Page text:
Ballon

Its hard to think of a more significant moment in late 20th century history than the fall of the Berlin Wall. Marking the end of the division of Germany between the Communist East and Capitalist West and cold war paranoia on November 9th, 1989. Michael Herbig’s drama Ballon begins a decade before this, telling the story of the Strelzyk family who attempted to cross the border between the two states using a hot air balloon. A larger than life story told in a fast-paced drama, that could have used a little more breathing room to allow some of the more challenging moments to realise their full potential.

Ballon opens with a brutal contradiction of life in the German Democratic Republic controlled East, with an escapee being brutally executed intercut with schoolchildren singing Soviet propaganda. It’s a nice technique that immediately presents the idea of violence being possible at any moment, suiting the film’s uncanny valley realisation of small-town German living. Everything is oversaturated, and the characters almost comical realisations of real-world figures. None more so than the Strelzyk family’s neighbour who works as the Stasi’s Head of Security, who reaches Inspector Clouseau levels of obliviousness as the family carry out their plan.

Within the first twenty minutes, we see the Strelzyks attempting and escaping from a botched attempt in a furiously intense sequence backed by a Hans Zimmer styled score and very swift editing. It really works as a contrast to the exposition-based introduction, a sudden departure illustrating their desperation to escape rationing and brutal regime for the safety of Berlin. It never goes back to these calmer moments however, choosing to keep the overactive score by Ralf Wengenmayr playing constantly. In some of the more exciting moments it fits well, but when you’re watching a scene of someone sewing frantically with a full string ensemble it begins to feel a little bit ridiculous.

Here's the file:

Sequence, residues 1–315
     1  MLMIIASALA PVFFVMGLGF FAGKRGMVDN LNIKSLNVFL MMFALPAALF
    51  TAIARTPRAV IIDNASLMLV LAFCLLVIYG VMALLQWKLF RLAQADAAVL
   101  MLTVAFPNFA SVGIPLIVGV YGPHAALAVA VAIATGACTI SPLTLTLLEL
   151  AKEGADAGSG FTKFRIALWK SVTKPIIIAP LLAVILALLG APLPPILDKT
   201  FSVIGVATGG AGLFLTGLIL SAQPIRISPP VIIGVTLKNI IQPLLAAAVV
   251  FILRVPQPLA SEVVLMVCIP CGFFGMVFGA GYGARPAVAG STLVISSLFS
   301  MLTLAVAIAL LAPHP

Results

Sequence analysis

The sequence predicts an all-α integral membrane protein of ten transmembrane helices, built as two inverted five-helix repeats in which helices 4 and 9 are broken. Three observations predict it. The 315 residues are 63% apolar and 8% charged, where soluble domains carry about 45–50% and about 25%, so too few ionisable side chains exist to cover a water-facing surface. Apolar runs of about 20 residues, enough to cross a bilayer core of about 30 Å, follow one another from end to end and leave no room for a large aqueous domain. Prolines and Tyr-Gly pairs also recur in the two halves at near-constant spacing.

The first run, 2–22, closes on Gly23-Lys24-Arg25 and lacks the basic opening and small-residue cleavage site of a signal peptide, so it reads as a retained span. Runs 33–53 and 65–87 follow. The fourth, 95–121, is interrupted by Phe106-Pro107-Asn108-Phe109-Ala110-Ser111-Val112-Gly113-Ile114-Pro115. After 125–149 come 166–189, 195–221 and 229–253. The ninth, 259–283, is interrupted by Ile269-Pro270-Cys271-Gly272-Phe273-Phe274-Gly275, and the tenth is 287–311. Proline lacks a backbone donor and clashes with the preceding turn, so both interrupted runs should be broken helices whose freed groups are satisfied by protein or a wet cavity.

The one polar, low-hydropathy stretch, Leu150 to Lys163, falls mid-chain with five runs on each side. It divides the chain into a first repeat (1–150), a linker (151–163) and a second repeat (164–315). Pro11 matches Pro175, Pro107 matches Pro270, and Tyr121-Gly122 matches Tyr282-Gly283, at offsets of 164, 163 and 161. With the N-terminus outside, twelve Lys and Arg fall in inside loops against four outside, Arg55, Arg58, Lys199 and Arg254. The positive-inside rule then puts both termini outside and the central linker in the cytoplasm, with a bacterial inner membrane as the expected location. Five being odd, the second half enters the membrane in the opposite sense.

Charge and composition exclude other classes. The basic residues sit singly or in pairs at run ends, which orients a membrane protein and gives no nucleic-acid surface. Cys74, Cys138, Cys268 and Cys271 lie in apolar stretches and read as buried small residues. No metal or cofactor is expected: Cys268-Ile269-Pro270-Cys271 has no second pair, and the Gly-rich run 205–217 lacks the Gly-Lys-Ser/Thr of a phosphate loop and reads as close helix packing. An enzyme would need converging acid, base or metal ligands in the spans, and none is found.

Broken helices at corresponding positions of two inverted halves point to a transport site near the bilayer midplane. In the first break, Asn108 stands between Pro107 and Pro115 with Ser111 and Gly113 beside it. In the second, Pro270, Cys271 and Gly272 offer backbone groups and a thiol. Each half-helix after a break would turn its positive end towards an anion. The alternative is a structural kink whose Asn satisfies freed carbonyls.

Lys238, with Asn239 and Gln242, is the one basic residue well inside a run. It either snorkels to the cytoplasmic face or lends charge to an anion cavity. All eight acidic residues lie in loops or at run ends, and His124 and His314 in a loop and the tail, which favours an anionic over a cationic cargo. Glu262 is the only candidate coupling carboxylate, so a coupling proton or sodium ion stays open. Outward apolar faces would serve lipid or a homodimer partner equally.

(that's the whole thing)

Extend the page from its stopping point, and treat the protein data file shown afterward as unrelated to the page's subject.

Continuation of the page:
A lot of the film resides within the ridiculous and takes brief stop offs in the infuriating. The family consistently make self-sabotaging decisions, including a plot line about the eldest son Frank (Jonas Holdenrieder) and the Stasi neighbour’s daughter that is both predictable and tiresome. The inclusion of irrelevant dramatic tension like this leads to the paranoia and introspective terror of the overarching plot also being diluted, and the film feeling less coherent as a whole. The performances are solid throughout, with the father of the family Peter (Friedrich Mucke) giving a very emotive performance as he toils with the desire to escape against the hell, he’s currently putting his family through.

Ballon has an interesting premise, and when it works it’s a very interesting film. Sadly it’s too interested in displaying itself as a bombastic thriller that it becomes hard to take seriously. There’s a unique story buried here but it never reaches the heights it deserves.

★★

Patrick Dalziel

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